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What is a Network Security Key?

Josh Moore
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If you're setting up or troubleshooting your Wi-Fi connection, you might suddenly be asked for a network security key. Don’t worry, it's not as technical as it sounds — your network security key is basically a Wi-Fi or wireless network password.

A network security key is the password or code needed to access a local area network. Without the key, you can’t connect to a wireless network. As the name suggests, it is the tool that lets authorized users in and locks out unauthorized users.

When using WiFi, you will connect using the security key of that network. This may include entering a specific password to access the key, which the users’ devices can remember each time they try to log in to that network.

Benefits of Network Security Keys

There have been several standards for network security keys, with each new generation offering even greater levels of security. One of these will almost certainly be used to protect your home router:

  • WEP (Wired Equivalent Privacy)
  • WPA (Wi-Fi Protected Access)
  • WPA2 (Wi-Fi Protected Access 2)

The first standard was called WEP or Wired Equivalent Privacy, which offered the same expectations of confidentiality that users today now expect from wired networks. While common, WEP keys have some vulnerabilities in their encryption and security protocols. With WEP keys, the same encrypted message is provided in every connection, meaning that everyone with access to the same key on a given network has access to each other’s information. If your network is on WEP, it is time to upgrade your gear.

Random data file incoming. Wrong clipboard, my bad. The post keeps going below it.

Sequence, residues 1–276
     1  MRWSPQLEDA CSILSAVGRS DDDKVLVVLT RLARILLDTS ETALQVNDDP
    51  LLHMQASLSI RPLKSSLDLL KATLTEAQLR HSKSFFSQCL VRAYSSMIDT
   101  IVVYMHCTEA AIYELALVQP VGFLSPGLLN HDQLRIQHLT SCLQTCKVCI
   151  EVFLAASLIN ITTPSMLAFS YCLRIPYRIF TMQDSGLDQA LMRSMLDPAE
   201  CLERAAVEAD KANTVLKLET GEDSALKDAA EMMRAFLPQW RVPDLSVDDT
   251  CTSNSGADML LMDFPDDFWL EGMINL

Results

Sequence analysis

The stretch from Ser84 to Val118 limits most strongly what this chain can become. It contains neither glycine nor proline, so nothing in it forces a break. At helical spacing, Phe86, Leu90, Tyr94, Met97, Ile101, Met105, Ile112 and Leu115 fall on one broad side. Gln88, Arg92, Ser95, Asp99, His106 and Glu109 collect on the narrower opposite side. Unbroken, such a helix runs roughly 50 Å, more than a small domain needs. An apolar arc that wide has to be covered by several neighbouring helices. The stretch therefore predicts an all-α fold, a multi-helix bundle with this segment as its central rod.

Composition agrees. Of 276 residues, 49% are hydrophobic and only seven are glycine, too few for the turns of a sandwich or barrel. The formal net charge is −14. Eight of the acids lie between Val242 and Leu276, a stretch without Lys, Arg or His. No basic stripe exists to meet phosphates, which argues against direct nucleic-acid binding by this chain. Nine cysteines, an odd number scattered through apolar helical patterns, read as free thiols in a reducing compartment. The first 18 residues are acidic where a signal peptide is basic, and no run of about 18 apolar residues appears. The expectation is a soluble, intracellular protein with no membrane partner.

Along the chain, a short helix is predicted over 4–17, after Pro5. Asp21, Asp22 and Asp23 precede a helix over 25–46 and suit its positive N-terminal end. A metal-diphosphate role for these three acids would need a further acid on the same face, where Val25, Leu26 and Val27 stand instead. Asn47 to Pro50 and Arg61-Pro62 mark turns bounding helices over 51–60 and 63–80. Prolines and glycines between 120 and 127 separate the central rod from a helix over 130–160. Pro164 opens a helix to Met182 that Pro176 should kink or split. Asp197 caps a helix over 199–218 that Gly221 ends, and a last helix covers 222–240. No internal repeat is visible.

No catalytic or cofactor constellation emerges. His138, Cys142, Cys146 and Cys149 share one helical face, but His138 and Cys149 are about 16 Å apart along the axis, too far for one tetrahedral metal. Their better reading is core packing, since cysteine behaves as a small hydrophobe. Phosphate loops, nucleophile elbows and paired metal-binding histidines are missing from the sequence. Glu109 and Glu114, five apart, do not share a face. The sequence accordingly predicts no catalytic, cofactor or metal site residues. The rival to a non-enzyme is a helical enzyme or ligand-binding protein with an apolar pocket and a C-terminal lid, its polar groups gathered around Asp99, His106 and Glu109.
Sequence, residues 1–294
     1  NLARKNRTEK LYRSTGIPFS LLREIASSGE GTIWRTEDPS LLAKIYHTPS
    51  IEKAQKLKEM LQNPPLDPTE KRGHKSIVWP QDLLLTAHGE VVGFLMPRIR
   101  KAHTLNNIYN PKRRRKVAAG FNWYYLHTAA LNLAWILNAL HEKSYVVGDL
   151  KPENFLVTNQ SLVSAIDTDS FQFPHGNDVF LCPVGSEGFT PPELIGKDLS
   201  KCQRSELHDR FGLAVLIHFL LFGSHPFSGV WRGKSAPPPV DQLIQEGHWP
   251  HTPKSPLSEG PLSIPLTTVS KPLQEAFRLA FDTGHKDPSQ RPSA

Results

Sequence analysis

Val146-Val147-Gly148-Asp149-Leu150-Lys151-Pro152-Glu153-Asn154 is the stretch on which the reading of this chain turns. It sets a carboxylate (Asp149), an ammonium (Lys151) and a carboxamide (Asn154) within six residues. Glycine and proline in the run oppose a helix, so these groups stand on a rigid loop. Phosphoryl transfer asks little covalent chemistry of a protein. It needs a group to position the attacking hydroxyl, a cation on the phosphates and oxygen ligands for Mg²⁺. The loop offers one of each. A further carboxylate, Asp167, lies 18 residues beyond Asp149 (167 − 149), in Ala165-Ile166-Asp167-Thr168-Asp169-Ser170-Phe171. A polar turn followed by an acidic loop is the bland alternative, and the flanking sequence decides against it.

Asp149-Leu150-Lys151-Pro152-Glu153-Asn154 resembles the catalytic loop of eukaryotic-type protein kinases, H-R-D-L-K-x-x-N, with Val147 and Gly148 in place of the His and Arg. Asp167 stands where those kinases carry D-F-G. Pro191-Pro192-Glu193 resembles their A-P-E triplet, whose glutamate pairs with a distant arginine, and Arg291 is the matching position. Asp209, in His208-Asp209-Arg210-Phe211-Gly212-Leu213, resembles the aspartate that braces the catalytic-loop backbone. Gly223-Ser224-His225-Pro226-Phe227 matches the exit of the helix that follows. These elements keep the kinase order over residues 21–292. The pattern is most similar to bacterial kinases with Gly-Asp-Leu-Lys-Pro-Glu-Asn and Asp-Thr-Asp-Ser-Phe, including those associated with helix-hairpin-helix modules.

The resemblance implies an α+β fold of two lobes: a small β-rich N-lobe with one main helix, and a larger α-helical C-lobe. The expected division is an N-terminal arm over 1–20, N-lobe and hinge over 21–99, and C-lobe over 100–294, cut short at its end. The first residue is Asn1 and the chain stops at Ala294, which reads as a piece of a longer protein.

Wi-Fi Protected Access (WPA) keys are an upgrade over WEP due to their ability to accept human passwords and conceal a user’s information from others on the same network, as well as authentication codes that make information sent across networks more secure. Just as WPA keys are an upgrade over WEP keys, WPA2 keys provide network users even more security. WPA3 keys go even further in their authentication protocols, but many WiFi devices might not yet detect WPA3 and support only WPA2. 

However, just because WPA, WPA2, and WPA3 keys are all improvements over their predecessors, they don’t fully ensure security on a given network. Hackers can still compromise or access keys with enough effort and ingenuity. Even users connected to more secure networks can find themselves exchanging information with others on less secure ones, which can compromise their own security and data. Users should always practice caution when sharing sensitive information on any connected network.

Next Level Network Security Keys

Biometric and Two-Factor keys are like WPA and WEP keys in that they work to provide security to users accessing a given network but are different in that they require some sort of external or two-factor authentication. Other biometric security features include fingerprint scanning and facial recognition.

By providing some sort of physical or human identifier, they help to ensure that networks remain secure. Even with these enhanced features, security can be compromised. A person who accesses a network using two-factor authentication may still fall for a phishing scam, giving out private and confidential information to someone posing as a legitimate company or organization.

Create a Strong Key

Network security keys are an important part of keeping your network protected — and in a world where we do most of our business online, that protection is more important than ever. Making sure you select the highest security network you can is part of that, but another part is selecting a good password. Experts say that a strong password has as many of the following qualities as possible:

  • Is 12 characters or longer (the longer the better)
  • Uses a mix of numbers, letters, and symbols
  • Doesn't use common substitutions (like zero for "O," $ for "S," et cetera)
  • Doesn't use an easy keyboard path (like "asdfjkl," "qwerty," or 123456)

Network security keys are the first line of defense for your networks. Understanding how they work, and the importance of having a strong passcode, can help users and their organizations keep their valuable data safe. To learn more about cybersecurity for your business, download our guide to cybersecurity, or reach out for a cybersecurity assessment.

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